Speech by Ms Grace Fu, Minister for Sustainability and the Environment, at the Germany Singapore Business Forum Connect on 29 June 2021
1 Good morning to our friends in Germany, particularly Minister Svenja Schulze fromthe Federal Ministry for the Environment, Nature Conservation and Nuclear Safety, and good afternoon to everyone in Singapore.
2 I am pleased to join you at this sustainability-focused edition of the Germany Singapore Business Forum (GSBF) Connect.
3 Advancing sustainable development and fighting climate change must be no less concerted than dealing with the COVID-19 pandemic. Our climate and ecosystems are at inflection points. More than ever, everyone needs to take action urgently to safeguard our future.
4 Singapore and Germany have pledged to implement the 2030 United Nations Sustainable Development Goals and our respective commitments under the Paris Agreement.
5 To this end, our countries have launched national strategies such as the Singapore Green Plan 2030, the German Recovery and Resilience Plan, and Climate Action Programme 2030, which place sustainability at the core of recovery efforts and long-term economic growth. Our plans for building smart and sustainable societies include investing in environmentally-friendly technologies, decarbonising the energy sector, rolling out cleaner forms of transport, and leveraging digitalisation and AI.
6 In our respective regions, ASEAN and the EU have also adopted the ASEAN Comprehensive Recovery Framework and the European Green Deal which outline regional priorities as well as environmental standards and initiatives.
7 But these plans are just the start, and companies have three indispensable roles.
8 First, the pathways for green growth in a carbon resource-constrained world are taking shape but are not fully determined yet. As agents of innovation, companies can bring solutions that deal with climate and resource challenges concurrently, optimizing between multiple objectives and constraints. Companies that develop these solutions will lead the green transformation and define the next phase of global economic growth. I am pleased to note that German manufacturer Henkel, with a Global Supply Chain Hub in Singapore, is driving a circular economy strategy by working with customers and suppliers to use less materials, more recycled materials, and experiment with plastic resin alternatives.
9 Second, we need international partnerships to unleash synergies in the trade and technology nexus. Governments can play a part. Singapore is exploring Green Economy Agreements that will facilitate trade and investment in environmental goods and services, and develop new capabilities. As no single party can address climate change alone, companies can find solutions through partnerships and collaborative innovation. I witnessed the power of crowdsourcing recently at the CapitaLand Sustainability X Challenge which received more than 270 innovative solutions in energy efficiency, indoor air quality and waste management from over 25 countries. The winners will testbed their solutions with CapitaLand, accelerating their business growth while supporting CapitaLand's sustainability efforts.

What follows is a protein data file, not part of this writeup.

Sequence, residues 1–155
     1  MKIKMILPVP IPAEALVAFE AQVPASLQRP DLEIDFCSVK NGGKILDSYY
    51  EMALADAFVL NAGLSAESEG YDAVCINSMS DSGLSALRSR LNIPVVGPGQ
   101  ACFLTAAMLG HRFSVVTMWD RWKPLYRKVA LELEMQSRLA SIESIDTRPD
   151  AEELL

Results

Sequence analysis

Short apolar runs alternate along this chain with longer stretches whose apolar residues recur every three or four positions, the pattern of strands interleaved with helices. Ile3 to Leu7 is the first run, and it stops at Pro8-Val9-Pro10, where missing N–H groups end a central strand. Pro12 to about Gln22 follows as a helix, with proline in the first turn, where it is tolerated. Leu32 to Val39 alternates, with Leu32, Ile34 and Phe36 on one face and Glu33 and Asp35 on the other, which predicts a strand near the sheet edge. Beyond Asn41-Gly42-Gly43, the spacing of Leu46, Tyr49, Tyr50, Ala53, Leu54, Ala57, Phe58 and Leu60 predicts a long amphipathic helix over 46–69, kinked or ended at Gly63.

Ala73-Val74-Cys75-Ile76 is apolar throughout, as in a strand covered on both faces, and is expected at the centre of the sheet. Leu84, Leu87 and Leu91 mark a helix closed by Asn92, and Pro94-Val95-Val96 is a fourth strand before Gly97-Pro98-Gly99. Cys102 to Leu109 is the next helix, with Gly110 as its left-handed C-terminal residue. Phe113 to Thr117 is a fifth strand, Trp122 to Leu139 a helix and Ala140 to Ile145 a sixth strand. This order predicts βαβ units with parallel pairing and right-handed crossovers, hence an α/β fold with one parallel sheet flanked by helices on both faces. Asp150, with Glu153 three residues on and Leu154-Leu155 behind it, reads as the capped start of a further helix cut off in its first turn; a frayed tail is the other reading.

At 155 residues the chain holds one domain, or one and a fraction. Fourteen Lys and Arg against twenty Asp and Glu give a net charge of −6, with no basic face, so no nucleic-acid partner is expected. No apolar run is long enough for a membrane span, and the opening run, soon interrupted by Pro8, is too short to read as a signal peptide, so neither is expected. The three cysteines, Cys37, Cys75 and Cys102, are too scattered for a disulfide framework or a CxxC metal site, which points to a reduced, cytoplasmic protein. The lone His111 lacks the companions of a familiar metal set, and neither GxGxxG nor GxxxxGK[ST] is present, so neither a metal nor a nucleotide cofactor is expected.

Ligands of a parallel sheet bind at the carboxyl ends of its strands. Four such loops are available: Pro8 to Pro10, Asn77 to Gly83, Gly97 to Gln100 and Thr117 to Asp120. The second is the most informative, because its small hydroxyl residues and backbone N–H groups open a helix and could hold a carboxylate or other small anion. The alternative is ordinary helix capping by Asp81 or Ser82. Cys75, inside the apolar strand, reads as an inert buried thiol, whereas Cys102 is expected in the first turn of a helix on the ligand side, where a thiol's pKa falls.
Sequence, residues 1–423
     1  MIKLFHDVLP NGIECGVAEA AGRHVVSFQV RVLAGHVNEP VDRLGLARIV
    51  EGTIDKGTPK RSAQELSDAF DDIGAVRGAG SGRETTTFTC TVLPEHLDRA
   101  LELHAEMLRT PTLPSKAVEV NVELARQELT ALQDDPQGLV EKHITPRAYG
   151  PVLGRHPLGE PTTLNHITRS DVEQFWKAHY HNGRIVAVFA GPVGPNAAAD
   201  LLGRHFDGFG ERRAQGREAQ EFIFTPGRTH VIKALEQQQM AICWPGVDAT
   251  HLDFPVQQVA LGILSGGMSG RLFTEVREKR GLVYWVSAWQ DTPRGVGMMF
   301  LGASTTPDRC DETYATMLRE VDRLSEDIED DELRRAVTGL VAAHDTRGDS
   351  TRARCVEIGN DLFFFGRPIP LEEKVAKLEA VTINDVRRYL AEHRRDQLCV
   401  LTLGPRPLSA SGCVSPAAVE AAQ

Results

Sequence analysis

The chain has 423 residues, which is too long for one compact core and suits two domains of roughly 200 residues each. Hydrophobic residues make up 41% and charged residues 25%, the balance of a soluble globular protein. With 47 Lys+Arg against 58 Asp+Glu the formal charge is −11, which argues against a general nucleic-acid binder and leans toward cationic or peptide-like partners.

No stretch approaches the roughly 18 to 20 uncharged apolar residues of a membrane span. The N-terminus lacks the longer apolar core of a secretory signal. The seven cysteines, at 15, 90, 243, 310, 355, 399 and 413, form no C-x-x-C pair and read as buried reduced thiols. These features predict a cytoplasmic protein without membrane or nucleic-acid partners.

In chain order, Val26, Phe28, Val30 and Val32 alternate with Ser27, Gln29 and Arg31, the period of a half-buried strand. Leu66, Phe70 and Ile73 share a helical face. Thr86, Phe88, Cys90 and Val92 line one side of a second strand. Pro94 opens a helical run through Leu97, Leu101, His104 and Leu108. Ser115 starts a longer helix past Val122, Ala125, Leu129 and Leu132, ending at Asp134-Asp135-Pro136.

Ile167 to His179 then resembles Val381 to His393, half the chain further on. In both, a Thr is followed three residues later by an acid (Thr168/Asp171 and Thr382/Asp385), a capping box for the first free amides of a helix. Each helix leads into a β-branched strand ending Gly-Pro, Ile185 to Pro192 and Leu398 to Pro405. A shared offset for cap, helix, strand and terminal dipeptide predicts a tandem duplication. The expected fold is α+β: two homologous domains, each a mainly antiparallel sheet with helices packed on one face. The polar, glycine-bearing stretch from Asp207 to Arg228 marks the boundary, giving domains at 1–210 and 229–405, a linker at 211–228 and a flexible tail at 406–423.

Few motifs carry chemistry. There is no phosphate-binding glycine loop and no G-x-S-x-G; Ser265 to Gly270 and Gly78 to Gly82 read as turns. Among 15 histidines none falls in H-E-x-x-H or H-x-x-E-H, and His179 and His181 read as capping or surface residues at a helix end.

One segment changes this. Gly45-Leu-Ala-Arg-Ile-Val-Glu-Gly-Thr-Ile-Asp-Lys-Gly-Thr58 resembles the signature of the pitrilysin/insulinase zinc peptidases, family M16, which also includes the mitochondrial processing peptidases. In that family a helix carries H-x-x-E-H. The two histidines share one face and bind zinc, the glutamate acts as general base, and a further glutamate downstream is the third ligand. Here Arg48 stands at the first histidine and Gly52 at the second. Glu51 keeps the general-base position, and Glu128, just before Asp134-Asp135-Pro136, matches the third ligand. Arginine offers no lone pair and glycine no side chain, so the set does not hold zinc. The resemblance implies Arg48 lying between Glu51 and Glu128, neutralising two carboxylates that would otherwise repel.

10 Third, adopting the new paradigm of responsible and sustainable business models. We have seen a wave of shareholder activism for higher Environmental, Social and Governance standards. There is great expectation on measurement and reporting on sustainability. Green Fintech and finance options, such as green bonds, have significantly expanded. Industries, financial services, forestry, agriculture alike, all sectors must find ways to transit to a low carbon future.
11 Germany and Singapore can seize opportunities in this space. I am pleased that the Singaporean-German Chamber of Industry and Commerce has set up the Plastics Recycling Association of Singapore. Plans are also underway to launch the Centre of Excellence for recycling in Singapore which will create green jobs, increase our recycling rate, and export technologies and solutions to the region.
12 We are also familiar with other examples of innovative German companies contributing to Singapore's environment and water sectors. Solutions by Ed. Zublin, Herrenknecht, KSB, and GEA have been deployed at facilities such as the Changi Water Reclamation Plant and the Deep Tunnel Sewerage System Phase 2 Project. REMEX has been operating a metal recovery facility in Tuas to extract metals from incineration bottom ash; and ALBA E-Waste Smart Recycling has been appointed as the Producer Responsibility Scheme operator under Singapore's Extended Producer Responsibility Scheme for E-waste management.
13 I hope the GSBF Connect will catalyse more of such meaningful collaborations between Germany and Singapore. I wish all participants fruitful discussions.
14 Thank you.